Michael Connelly’s best-selling book “The Lincoln Lawyer” is getting its silver screen debut March 18 and stars Matthew McConaughey, Ryan Phillippe, William H. Macy, and Marisa Tomei.
McConaughey stars as the lawyer who operates his office out of his Lincoln while driving from courthouse to courthouse.
This is only one of a few book-to- film adaptations that will be opening in theaters this spring.
Charlotte Bronte’s “Jane Eyre” is also getting the film treatment, along with Sara Gruen’s novel “Water for Elephants,” in a film adaptation starring Robert Pattinson and Reese Witherspoon.
It’s great to see some of our favorite books adapted to the big screen, but is there anything original out today? And how many of these adaptations actually live up to their source material?
My answer is not very many.
With the exceptions of “Gone With the Wind,” “The Godfather,” “Lord of the Rings,” “Wizard of Oz,” and “To Kill a Mockingbird,” not many films live up to the material they were based off of. Is it really impossible to come up with something original?
Hollywood studios churn out a litany of adaptations, remakes, and sequels a year without finding a single gem in the lot. Another example is Universal Studios, who has recently green lit a reboot of the Spider-man series.
The very first one came out in 2002, only nine years ago, and the Marvel comic super hero is already getting another remake, starring “The Social Network’s” Andy Garfield.
According to boxofficemojo.com, a site that tracks the amount of money films gross a year, in 2010, only two entries in the top ten grossing films a year were actually original works.
These were Chris Nolan’s mind-bending summer blockbuster “Inception,” and the animated children’s comedy “Despicable Me.” The rest of the money makers in 2010 consisted of: “Toy Story 3,” “Alice in Wonderland” based off of Lewis Carroll’s tale, “Iron Man 2” from the Marvel comic. Also included in this list is “The Twilight Saga: Eclipse” from Stephanie Meyer’s international best-seller, “Harry Potter 7: The Deathly Hallows Part I,” “Shrek Forever After,” the fourth sequel in the series. The last two entries in this list includes “How to Train Your Dragon,” penned by the author Cressida Cowell, and Disney’s “Tangled,” based off of the fairytale by the Grimm brothers.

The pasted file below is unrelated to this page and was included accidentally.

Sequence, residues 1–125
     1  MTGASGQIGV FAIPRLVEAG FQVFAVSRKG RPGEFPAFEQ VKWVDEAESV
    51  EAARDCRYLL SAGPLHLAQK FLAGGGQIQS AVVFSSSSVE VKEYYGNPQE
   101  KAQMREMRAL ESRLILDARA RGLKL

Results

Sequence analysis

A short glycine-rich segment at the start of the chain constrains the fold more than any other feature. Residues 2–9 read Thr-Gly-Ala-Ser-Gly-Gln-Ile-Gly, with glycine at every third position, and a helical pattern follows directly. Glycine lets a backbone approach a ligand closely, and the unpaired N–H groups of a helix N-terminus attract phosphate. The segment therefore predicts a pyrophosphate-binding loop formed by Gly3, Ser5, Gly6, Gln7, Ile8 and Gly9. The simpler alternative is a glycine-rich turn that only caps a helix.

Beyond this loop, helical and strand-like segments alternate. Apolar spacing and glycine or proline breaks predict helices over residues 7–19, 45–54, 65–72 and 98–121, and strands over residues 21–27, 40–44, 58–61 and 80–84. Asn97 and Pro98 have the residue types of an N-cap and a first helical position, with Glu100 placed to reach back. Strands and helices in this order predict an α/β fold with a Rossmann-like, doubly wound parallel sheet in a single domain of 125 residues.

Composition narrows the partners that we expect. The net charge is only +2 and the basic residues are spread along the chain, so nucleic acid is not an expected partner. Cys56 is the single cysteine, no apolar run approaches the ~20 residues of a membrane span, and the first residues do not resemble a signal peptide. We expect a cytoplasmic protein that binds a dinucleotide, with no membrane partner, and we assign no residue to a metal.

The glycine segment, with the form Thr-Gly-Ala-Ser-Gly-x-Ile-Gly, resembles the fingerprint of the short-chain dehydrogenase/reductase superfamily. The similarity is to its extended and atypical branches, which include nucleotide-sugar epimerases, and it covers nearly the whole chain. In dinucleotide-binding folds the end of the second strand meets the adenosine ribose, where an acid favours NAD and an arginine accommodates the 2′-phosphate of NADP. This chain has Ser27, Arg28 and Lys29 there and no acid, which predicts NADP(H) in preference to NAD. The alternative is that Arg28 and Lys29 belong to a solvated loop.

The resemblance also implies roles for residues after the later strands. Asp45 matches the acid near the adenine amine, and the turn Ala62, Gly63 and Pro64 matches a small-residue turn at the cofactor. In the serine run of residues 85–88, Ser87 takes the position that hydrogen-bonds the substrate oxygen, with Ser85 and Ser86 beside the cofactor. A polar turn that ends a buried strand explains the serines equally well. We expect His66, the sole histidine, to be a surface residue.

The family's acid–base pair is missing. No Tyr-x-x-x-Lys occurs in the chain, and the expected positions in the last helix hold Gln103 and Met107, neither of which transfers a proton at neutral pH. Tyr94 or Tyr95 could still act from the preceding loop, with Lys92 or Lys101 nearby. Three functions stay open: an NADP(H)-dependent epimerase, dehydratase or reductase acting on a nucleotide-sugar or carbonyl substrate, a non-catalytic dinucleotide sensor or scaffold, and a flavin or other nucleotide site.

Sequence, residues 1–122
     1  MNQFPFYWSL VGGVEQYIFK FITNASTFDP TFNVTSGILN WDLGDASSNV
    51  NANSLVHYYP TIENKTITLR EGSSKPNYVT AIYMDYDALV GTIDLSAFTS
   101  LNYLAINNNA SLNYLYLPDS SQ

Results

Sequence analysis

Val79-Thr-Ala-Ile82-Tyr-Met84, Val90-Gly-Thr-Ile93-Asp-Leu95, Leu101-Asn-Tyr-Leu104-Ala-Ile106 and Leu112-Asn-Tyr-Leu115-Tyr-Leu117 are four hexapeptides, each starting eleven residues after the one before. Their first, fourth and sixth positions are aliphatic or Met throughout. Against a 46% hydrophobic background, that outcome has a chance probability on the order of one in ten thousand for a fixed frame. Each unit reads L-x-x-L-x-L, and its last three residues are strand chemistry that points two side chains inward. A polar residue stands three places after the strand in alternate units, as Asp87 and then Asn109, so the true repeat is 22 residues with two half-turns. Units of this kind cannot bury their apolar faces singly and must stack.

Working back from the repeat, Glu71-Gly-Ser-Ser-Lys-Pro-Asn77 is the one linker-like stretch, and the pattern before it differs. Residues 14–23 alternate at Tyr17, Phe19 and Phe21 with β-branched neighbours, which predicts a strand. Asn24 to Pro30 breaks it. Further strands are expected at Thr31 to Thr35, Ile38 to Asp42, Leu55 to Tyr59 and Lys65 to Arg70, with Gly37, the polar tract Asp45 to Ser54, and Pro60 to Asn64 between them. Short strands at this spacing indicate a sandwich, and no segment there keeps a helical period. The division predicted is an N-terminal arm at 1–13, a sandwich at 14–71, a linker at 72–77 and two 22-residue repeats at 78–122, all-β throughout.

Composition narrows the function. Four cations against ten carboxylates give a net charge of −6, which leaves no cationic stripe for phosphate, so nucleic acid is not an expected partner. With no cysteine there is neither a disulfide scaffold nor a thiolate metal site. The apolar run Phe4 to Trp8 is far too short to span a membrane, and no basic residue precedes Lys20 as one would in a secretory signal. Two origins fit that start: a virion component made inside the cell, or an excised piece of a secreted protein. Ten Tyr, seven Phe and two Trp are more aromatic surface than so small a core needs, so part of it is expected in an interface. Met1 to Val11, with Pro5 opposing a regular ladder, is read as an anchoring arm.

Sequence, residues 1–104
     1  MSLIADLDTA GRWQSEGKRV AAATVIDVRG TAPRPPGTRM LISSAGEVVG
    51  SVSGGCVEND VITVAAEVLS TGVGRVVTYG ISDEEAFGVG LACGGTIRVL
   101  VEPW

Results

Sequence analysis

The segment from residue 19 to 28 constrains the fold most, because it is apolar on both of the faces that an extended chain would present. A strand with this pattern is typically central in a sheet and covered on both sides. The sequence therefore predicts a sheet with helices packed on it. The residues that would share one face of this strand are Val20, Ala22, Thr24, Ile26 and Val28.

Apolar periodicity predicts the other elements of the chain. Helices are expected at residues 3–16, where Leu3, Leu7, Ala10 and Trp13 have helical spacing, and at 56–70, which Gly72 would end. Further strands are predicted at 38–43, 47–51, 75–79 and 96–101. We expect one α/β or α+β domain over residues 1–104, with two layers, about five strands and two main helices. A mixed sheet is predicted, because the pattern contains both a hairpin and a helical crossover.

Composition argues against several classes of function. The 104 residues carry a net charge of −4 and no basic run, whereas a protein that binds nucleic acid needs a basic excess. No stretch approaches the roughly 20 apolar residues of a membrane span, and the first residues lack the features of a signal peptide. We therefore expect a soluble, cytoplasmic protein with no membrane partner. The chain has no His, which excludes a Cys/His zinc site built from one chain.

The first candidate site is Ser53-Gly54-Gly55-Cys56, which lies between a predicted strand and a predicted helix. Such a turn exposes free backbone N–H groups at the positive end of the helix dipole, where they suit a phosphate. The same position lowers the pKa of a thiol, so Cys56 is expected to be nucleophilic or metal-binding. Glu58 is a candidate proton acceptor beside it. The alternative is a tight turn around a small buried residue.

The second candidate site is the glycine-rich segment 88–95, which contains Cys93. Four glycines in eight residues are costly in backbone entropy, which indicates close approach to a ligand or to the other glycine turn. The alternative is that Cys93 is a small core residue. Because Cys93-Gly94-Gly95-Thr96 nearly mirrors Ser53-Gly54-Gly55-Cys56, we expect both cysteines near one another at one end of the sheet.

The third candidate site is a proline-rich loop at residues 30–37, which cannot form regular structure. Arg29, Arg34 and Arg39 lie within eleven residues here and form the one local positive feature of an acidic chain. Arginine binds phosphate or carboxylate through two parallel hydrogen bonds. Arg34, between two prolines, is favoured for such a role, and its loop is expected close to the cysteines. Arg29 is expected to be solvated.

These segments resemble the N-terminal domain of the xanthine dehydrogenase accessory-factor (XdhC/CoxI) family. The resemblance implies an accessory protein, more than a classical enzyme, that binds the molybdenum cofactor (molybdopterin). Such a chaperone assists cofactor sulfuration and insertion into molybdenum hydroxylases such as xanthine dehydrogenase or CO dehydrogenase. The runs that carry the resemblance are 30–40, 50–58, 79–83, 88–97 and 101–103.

From this group of ten, two are works of complete originality, seven are adaptations of some type of written work, and the last one, “Shrek Forever After,” is another unnecessary Hollywood sequel.
The future looks bleak for original, fresh stories from Hollywood directors and screenwriters, but there is hope. If anything, the $292 million dollars garnered by “Inception” shows us that a film can both be intellectually stimulating and a box office smash.
It’s sad that the film industry, while remaining an industry, has lost touch with the art form of cinema and little movies each year truly strive to break from the conventions of cinema. Year after year, we’re spoon-fed the same exact romantic-comedy, where the boy and girl meet, they chase after each other, experience some sort of misunderstanding, but get together in the end. Films are only being made now to make money, not because they’re art or because a story needs to be told or seen.
“Inception” showed us that films can still be entertaining, make money, and be wholly original all at once.
It was filmmaker Stanley Kubrick who directed films such as “A Clockwork Orange,” and “Eyes Wide Shut” who said, “A film is—or should be—more like music than like fiction,” he said.
“It should be a progression of moods and feelings. The theme, what’s behind the emotion, the meaning, all that comes later.”
If filmmakers are truly masters of the art form, they would heed Kubrick’s advice because I’m begging.
Give the audience something they’re not going to regret like the ten dollars spent on the admission ticket or the ubiquitous stomachache from all the eaten popcorn and candy afterwards.
Give the audience something original, creative, and worthwhile.
Whitney Cyr can be contacted at email@example.com